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Explore how Shakespeare presents the relationship between Antony and Cleopatra.

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English Literature: Shakespeare coursework Explore how Shakespeare presents the relationship between Antony and Cleopatra The epic love affair of Antony and Cleopatra is a great and powerful love shared by two people at the height of their fame and glory, and it is Shakespeare's greatness to show Antony and Cleopatra in love, in the celebration of their love before disaster strikes, and after it has struck. There are many aspects to the way in which Shakespeare presents this relationship between these two characters. In Act One-scene 1, we first see Antony and Cleopatra together as Cleopatra challenges Antony to say how much he loves her, "if it be love indeed, tell me how much", Antony's reply, that his love is so great that it exceeds the boundaries of heaven and earth, is reinforced by his dismissal of the news from Rome. Antony uses extravagant, expansive statements to express the nature of his love. Shakespeare's use of extravagant and exaggerated figure of speech through the words of Antony, hyperbole, emphasizes the immensity of his passion. This example of Hyperbole is an example of how Shakespeare presents the relationship between Antony and Cleopatra, because it is through his language on this particular occasion that he expresses the love Antony has for Cleopatra. Other examples of exaggerated language that Shakespeare presents, such as Antony's heart having 'burst/ the buckles on his breast', and the simile that describes ...read more.


The imagery that Shakespeare presents us with through Antony's words of faithfulness, suggests that Antony is not just joined to her emotionally and spiritually, but physically, because his heart is tied to her 'rudder' and where her decisions and actions take her in life he shall be there with here to follow and be a part of them entirely. This is another way that Shakespeare presents Antony's and Cleopatra's relationship because through Anthony's words and the imagery, we realise the extent of Antony's love for Cleopatra. In Act Four-scene eight, the public and the personal selves of Antony and Cleopatra coexist harmoniously. Antony tenderly refers to Cleopatra as a 'great fairy, nightingale' and 'girl', while she affirms his status with 'Lord of lords'. For this moment, Antony is both the lover and the soldier, combining Egypt and Rome. The imagery that Shakespeare presents through Antony and Cleopatra's references to each other bring out their true feelings about each other at this time in the play. Antony refers to Cleopatra as a 'great fairy, nightingale' and 'girl', references that represent love and adoration. Cleopatra refers to Antony as 'Lord of lords', which represents the highest possible status and her love for him. Through Antony and Cleopatra's references to each other, the metaphors used, is another way in which Shakespeare presents the relationship between the two lovers. ...read more.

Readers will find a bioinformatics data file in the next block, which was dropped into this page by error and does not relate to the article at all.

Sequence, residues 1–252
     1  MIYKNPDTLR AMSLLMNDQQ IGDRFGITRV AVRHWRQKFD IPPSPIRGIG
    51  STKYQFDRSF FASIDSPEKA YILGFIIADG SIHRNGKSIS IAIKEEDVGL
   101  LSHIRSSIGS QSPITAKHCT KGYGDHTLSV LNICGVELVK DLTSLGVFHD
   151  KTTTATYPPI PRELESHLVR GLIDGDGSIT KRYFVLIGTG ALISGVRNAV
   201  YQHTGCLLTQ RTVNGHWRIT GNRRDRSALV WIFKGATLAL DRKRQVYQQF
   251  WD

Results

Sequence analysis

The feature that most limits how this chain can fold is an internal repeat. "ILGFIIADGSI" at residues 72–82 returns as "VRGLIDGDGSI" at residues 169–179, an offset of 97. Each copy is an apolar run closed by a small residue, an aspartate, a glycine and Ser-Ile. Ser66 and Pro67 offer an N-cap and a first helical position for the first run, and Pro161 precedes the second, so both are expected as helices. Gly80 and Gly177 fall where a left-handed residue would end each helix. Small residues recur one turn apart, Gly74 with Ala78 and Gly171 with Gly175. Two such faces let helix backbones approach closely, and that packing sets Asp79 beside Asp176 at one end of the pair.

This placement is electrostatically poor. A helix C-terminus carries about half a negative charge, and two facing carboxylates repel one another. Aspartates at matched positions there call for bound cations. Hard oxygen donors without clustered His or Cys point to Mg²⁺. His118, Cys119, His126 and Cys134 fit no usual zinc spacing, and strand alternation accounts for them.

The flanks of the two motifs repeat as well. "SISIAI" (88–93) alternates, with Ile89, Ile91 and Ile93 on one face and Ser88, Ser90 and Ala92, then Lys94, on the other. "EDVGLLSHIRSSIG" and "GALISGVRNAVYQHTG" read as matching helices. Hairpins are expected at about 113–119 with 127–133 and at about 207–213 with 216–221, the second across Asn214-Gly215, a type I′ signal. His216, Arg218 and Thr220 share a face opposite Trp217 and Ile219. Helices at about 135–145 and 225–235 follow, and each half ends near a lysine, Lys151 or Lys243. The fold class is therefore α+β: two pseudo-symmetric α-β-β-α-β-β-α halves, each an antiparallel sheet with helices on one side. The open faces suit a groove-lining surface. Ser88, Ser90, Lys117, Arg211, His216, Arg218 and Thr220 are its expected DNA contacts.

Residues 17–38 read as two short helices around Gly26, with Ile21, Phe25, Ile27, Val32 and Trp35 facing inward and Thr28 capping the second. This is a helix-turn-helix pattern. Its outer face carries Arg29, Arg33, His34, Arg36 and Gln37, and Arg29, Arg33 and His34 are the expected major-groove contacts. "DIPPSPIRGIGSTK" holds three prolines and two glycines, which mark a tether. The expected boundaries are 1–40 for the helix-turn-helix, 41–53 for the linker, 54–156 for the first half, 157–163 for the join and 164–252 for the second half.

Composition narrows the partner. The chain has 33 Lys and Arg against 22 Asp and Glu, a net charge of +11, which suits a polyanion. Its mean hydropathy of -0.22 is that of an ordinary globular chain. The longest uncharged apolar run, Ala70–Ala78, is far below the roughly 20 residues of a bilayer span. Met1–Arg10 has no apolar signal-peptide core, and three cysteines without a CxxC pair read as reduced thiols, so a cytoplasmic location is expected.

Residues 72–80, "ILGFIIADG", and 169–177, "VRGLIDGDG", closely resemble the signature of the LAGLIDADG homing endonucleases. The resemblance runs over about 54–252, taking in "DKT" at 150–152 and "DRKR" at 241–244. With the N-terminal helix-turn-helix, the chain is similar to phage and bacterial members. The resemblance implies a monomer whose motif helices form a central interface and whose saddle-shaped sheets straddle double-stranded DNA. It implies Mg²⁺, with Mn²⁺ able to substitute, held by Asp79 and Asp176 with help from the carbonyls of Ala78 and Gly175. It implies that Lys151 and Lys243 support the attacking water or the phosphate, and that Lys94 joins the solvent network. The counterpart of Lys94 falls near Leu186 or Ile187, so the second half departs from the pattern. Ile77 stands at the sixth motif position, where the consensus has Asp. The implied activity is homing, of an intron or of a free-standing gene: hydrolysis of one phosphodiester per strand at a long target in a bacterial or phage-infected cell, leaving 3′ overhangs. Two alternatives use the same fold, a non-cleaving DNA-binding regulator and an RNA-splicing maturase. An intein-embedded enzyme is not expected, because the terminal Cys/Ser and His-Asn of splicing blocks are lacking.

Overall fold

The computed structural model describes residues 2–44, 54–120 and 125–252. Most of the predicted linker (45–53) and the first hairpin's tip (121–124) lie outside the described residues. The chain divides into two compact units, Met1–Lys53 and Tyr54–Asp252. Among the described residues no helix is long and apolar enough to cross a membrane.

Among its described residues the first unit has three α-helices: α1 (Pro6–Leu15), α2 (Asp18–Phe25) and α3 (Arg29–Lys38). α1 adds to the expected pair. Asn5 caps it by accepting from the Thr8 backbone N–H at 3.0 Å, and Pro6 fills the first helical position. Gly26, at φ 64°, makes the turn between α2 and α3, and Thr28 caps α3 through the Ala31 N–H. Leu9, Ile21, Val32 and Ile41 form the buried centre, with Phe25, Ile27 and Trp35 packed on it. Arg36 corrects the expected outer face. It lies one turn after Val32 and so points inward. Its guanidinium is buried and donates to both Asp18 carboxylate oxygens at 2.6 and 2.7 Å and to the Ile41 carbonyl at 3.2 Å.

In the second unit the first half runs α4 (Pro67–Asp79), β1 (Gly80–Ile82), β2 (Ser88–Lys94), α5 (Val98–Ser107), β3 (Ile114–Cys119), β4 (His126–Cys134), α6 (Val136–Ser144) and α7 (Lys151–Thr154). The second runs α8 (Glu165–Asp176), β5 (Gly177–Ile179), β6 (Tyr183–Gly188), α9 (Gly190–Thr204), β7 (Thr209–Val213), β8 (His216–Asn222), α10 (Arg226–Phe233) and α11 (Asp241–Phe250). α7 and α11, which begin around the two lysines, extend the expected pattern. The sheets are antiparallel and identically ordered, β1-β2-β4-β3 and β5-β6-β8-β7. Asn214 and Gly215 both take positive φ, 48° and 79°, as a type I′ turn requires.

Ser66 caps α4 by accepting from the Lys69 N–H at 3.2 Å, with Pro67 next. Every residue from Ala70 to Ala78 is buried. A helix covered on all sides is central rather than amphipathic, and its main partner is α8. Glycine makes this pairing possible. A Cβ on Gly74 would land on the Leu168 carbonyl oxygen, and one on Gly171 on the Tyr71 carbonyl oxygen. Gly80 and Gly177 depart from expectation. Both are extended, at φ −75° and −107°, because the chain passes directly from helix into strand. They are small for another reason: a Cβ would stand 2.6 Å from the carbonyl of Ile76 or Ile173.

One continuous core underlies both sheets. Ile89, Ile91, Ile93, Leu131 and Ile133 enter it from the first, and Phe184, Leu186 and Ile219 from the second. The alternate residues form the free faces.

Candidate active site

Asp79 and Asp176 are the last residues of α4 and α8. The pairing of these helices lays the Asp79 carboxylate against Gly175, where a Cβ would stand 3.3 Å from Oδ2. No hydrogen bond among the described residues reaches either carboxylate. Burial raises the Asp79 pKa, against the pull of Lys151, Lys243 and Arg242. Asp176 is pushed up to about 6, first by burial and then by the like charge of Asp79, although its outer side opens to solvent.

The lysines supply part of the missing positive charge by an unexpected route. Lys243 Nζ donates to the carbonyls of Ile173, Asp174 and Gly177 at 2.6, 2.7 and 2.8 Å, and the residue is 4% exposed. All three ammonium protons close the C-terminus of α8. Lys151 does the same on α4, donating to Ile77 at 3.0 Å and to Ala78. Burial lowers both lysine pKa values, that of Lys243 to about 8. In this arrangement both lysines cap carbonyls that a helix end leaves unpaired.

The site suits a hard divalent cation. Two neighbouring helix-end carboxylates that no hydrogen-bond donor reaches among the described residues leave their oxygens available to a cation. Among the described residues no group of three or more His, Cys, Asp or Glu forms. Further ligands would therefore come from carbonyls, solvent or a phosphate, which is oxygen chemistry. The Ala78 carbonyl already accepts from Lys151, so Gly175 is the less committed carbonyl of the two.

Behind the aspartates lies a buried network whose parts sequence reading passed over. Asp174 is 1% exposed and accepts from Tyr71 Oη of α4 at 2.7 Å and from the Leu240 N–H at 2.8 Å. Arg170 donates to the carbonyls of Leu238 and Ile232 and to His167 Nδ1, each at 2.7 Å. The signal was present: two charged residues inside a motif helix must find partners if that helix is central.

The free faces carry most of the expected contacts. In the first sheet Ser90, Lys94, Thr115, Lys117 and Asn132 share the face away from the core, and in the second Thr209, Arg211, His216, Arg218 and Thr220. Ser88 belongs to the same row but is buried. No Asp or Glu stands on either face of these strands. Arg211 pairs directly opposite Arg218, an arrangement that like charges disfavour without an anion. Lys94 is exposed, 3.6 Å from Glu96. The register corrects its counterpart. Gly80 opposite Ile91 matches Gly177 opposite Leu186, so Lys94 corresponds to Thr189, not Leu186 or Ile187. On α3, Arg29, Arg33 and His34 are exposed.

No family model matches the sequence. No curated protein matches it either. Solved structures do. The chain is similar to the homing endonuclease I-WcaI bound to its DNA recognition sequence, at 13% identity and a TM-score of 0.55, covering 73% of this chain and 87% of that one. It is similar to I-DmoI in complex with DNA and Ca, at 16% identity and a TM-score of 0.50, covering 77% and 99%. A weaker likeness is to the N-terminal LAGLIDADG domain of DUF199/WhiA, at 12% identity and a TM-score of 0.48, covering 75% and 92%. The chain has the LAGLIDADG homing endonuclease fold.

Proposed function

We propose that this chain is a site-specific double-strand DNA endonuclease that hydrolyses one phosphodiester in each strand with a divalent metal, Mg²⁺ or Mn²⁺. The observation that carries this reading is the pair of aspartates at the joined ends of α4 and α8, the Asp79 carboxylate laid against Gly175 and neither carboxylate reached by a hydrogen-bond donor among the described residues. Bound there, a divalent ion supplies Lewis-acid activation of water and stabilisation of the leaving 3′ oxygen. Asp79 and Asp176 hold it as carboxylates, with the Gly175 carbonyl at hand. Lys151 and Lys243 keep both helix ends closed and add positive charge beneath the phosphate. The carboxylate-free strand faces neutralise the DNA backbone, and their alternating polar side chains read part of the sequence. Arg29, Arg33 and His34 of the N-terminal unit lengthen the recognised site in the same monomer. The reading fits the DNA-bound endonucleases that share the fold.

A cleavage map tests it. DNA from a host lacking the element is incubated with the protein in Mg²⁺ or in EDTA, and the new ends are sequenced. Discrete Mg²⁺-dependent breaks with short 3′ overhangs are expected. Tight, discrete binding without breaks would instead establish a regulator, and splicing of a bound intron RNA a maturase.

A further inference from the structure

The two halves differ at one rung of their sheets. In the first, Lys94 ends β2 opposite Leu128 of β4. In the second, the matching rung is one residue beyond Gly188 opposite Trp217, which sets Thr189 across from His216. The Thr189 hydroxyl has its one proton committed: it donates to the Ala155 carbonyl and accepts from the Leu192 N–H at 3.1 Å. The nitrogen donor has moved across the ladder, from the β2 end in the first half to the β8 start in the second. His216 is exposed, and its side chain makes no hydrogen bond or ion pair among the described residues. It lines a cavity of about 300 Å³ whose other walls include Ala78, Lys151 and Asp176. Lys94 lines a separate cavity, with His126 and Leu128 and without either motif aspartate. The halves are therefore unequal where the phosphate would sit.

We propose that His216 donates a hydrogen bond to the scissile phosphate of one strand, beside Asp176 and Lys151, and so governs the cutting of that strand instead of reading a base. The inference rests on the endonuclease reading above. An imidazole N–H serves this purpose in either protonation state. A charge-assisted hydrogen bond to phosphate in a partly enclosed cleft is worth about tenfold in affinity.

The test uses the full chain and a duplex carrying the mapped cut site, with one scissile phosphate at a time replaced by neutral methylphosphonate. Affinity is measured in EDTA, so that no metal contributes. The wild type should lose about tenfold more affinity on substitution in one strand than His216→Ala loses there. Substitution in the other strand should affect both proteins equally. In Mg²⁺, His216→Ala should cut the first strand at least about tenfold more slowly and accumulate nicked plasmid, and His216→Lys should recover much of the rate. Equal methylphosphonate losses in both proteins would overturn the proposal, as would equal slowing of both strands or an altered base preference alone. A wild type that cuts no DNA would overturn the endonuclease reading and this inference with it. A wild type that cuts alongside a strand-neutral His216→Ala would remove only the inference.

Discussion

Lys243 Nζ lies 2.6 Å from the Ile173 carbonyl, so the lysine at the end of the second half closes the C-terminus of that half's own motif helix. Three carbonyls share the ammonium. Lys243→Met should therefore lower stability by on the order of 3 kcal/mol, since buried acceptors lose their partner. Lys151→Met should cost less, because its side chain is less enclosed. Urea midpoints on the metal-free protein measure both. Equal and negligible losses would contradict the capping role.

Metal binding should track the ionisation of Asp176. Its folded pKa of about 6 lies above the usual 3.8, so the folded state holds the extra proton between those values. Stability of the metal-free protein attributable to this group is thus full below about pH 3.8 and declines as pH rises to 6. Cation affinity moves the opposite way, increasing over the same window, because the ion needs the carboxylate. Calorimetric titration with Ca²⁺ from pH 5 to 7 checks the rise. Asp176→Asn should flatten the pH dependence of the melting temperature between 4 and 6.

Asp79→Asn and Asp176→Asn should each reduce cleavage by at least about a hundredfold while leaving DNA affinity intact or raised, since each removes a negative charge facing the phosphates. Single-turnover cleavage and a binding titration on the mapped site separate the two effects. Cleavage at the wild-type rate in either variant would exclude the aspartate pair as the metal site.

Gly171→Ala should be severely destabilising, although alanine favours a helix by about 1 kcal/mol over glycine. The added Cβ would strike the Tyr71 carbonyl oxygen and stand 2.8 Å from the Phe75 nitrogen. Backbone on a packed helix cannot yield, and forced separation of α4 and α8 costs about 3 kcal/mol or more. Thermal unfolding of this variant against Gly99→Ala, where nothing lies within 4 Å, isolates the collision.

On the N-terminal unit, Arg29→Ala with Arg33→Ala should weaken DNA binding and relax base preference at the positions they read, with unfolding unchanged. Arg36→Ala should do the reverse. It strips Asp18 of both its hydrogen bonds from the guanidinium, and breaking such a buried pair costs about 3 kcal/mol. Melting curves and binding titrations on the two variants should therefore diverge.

Hyperbole is a method Shakespeare uses, for example, in Act One-scene 1 when Shakespeare uses hyperbole through Antony's words of passion for Cleopatra "then must thou needs find out new heaven, new earth". Conceit is a method Shakespeare uses, for example, in Act One-scene three Cleopatra reminds Antony of the intensity of their love by saying "eternity was in our lips and eyes, bliss in our brows' bent; none our parts so poor but was a race of Heaven". An oxymoron is also used by Shakespeare to present the relationship between Antony and Cleopatra when Cleopatra uses the image of feeding on 'delicious poison' to express the mixture of pain and pleasure she experiences when thinking about the absent Antony. The main way in which Shakespeare presents the relationship between Antony and Cleopatra is through imagery, for example, in Act Three-scene ten Scarus describes Cleopatra as a 'cow' and Antony as a 'mallard', in Act Three-scene eleven Antony says, "my heart was to thy rudder tied by th'strings", in Act Four-scene fourteen Antony describes life without Cleopatra "the long day's task is done/and we must sleep" and in Act four-scene fifteen Cleopatra expresses here pain when Antony dies "o sun, burn the great sphere thou mov'st in" and "our lamp is spent". It is through Shakespeare's style and language that he can express Antony's and Cleopatra's true love and relationship in the play. ...read more.

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